Healthy Holidays: 5 Ways to Stay on Track

Article posted in: Diet & Nutrition
healthy holidays

It’s easy to get overwhelmed when you think about all the foods that will tempt you this holiday season. While it’s true you can’t—and shouldn’t—eat like you used to, you can enjoy the foods you love in moderation. In fact, indulging is the best way to prevent binging and ensure long-term success, says Registered Dietitian Courtney McCormick. “I recommend including healthier options in your diet about 80-90% of the time and treating yourself 10-20% of the time,” she says. With just a few simple suggestions like this one, you are sure to have the healthy holidays you are looking for.

Now that you know a small slice of grandma’s apple pie won’t lead you completely astray from your hope for healthy holidays, we’ve got a few more ideas on how you can maintain your diet without straying off track.

Check out five ways to stay on track this season & reach the ultimate, healthy holidays:

1. Eat Before You “Eat.”

eat before you eat

There is an inverse association between weight and eating frequency, says Harvard Health. The heavier a person is, the less often they eat. Research suggests people of normal weight and formerly obese people maintain weight by eating four times a day compared with obese people. If your family eats their holiday dinner at lunchtime, don’t skip breakfast or your mid-morning snack. If the big meal is served around dinnertime, eat plenty of nutritious, high-fiber foods all throughout the day. Pretend the holiday is like any other day. If you go into dinner starving, you’ll most certainly overeat. Your goal is to leave the table “unstuffed.”

2. Fit in Some Exercise.

exercise

You already know that exercise helps you lose weight. You probably already know that exercise also combats serious health conditions and diseases. You hopefully also know that exercise improves mood and boosts energy. But you may not know that exercise might also help curb hunger. A 2009 study published in the American Journal of Physiology revealed that vigorous exercise may suppress a key hunger hormone for up to 30 minutes after workouts and can increase the levels of an appetite-suppressing hormone for as long as three hours after exercise. Bottom line? It certainly won’t hurt you to fit in a little cardio before turkey time. If your gym is closed because of the holiday, hop on your bike, take the dog on a long walk or stream a workout video.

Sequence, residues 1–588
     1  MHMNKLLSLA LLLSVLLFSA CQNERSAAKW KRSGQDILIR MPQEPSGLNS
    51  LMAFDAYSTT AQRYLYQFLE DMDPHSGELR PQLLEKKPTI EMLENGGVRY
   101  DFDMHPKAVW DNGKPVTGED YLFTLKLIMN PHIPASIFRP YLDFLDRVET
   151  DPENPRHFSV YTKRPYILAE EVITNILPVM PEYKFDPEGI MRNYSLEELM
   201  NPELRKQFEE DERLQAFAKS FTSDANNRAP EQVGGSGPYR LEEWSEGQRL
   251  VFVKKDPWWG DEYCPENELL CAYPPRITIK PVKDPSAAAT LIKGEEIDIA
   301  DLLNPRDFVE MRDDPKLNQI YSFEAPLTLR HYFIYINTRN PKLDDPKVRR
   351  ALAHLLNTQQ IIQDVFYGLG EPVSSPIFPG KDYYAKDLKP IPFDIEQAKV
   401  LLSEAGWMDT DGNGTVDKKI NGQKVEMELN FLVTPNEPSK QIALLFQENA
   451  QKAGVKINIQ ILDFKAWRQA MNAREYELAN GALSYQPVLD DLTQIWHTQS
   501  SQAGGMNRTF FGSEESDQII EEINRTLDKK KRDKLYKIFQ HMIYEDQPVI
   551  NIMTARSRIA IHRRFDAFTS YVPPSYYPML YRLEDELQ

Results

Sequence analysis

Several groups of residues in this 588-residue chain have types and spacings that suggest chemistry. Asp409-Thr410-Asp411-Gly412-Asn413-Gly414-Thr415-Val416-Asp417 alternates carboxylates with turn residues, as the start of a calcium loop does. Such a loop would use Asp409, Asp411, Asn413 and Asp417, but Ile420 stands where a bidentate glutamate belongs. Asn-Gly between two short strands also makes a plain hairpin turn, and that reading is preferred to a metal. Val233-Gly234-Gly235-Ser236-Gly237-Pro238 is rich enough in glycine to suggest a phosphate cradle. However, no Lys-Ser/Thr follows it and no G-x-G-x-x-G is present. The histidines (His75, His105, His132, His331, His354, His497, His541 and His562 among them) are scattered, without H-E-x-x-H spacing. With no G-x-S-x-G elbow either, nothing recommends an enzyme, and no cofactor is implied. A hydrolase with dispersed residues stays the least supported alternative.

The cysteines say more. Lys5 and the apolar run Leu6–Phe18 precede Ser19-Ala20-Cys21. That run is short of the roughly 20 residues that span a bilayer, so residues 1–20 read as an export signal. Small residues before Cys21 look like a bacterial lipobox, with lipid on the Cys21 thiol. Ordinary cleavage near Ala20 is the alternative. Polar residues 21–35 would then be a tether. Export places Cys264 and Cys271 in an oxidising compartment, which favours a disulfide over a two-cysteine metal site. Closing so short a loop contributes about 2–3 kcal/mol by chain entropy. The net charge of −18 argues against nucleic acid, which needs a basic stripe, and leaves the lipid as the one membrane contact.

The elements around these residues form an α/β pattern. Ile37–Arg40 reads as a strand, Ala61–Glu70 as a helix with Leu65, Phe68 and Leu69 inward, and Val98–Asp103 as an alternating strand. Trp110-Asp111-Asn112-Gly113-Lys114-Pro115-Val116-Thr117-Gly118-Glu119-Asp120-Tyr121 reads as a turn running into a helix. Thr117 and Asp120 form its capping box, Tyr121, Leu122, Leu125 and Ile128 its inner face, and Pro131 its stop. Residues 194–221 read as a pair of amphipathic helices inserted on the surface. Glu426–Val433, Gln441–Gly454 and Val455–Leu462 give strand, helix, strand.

3. Watch Your Portions.

portions

Easier said than done, right? Not if you treat dinner like any other meal. Seriously—try and build your plate just as you normally would. Incorporate lean proteins, veggies, good carbs and healthy fats into your meal. And, consider using a salad plate instead of a traditional dinner plate. If you decide you really want a glass of wine or beer, have one and then switch to water. If you’d rather have dessert, choose the healthiest option and make it small.

4. BYO Food.

So what if mom’s menu includes foods that are slathered in gravy or cheese? Tell her you’ll be bringing your favorite healthy veggie dish to share with the entire family, so everyone experiences healthy holidays this year. As long as it won’t cause mutiny, you could even request that she serve sauces on the side so you’re only getting the goods—not the extra calories. If you’re cooking the meal, you can easily sneak some cauliflower in with the mashed potatoes or opt for recipes like roasted Brussels sprouts instead of green bean casserole. When it comes to dessert, consider having apple slices instead of apple pie. Or, you can always bring your own South Beach Diet cookies or a snack bar. Grab a few South Beach sweets here! >

5. Slow Down.

slow eating

Dr. Jan Chozen Bays in her book, Mindful Eating, says our bodies get more nutrition out of less food if we chew it thoroughly. And, we’re more likely to “hear” appestat hormones when they tell us we’re full if we eat more slowly. Consider this: In a 2006 North American Association for the Study of Obesity study, nutritionists offered college-aged women a big plate of pasta. When the women were told to eat quickly, they consumed 646 calories in nine minutes. When told to pause between bites and chew each mouthful 15 to 20 times, they consumed 579 calories in 29 minutes. The group who ate more slowly rated themselves as less hungry and more satisfied after the meal and they also reported enjoying the meal more than the group who gobbled.